Whenever Greenpeace launches a new campaign, lots of people get in touch with questions.
Our latest oil and gas campaign was no different. It’s calling on the UK government to stop giving out permits for new oil and gas wells in the North Sea, and give workers a smooth transition to green industries – and calling on the Scottish government to back these demands
Lots of people are curious about how oil and gas drilling licenses actually work. They’re keen to know how we can quit fossil fuels when they’re so central to daily life. And some are worried about job losses, and they wonder whether other countries will follow our lead.
So we got Philip, our oil campaigner, to answer the most common questions people sent in. Here’s what he said.
Erm, what are oil and gas licences?
So if a company wants to drill for oil and gas in the North Sea, they need a licence. The body that gives these licences out is called the Oil and Gas Authority. Usually known as OGA, they were set up in 2016 to work with the fossil fuel industry to “maximise the economic recovery of UK oil and gas” 🤨.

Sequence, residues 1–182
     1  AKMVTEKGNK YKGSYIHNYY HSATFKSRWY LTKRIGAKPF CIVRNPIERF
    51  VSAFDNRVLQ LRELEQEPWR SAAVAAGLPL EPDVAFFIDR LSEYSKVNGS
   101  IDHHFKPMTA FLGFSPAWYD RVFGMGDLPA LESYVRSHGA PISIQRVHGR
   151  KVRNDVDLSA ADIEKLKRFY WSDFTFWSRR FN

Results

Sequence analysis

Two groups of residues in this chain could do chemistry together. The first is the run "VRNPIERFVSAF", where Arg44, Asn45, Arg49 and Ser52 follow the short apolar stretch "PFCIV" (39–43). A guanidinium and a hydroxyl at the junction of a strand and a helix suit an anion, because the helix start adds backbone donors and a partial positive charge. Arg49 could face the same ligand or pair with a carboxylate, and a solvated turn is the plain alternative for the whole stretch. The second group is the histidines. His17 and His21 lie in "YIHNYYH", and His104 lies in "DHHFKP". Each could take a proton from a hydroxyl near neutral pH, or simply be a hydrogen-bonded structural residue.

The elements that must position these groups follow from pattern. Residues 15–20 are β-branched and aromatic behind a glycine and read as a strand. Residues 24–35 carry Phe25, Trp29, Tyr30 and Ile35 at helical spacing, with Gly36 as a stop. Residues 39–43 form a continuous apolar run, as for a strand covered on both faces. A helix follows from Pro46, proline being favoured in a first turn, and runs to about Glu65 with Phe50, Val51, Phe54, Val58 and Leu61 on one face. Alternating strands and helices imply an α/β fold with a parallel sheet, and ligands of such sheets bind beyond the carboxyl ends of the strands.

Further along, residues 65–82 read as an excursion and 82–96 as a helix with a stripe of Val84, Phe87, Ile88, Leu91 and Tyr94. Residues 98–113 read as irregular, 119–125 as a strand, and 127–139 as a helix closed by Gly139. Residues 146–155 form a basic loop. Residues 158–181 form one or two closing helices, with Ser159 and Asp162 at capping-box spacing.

OGA invites companies to submit applications for licences, which they then hand out in what are called “licensing rounds” (there have been 32 of these licensing rounds to date, the last of which took place in 2019). The average licence lasts for about 30 years, so each new licensing round ties us into a few more decades of polluting fossil fuel production.
In March 2021, the UK government announced it will continue giving out new North Sea oil and gas licences – to widespread criticism.
Don’t we still need oil and gas for things like cars and heating?
At the moment, we do, and that’s something that needs to change. Nobody’s suggesting we stop using all fossil fuels tomorrow, but to meet our climate goals, we need to rapidly wean ourselves off oil and gas and move to 100% renewable energy. With renewable energy now cheaper than fossil fuels, that transition is starting to happen. In May 2021, wind power briefly provided over 60% of the UK’s electricity for the first time.
As our demand for oil and gas continues to fall, the transition will become even easier. For example, the UK and Scottish governments are banning the sale of new petrol and diesel cars from 2030 so we’ll be needing much less oil for cars by then.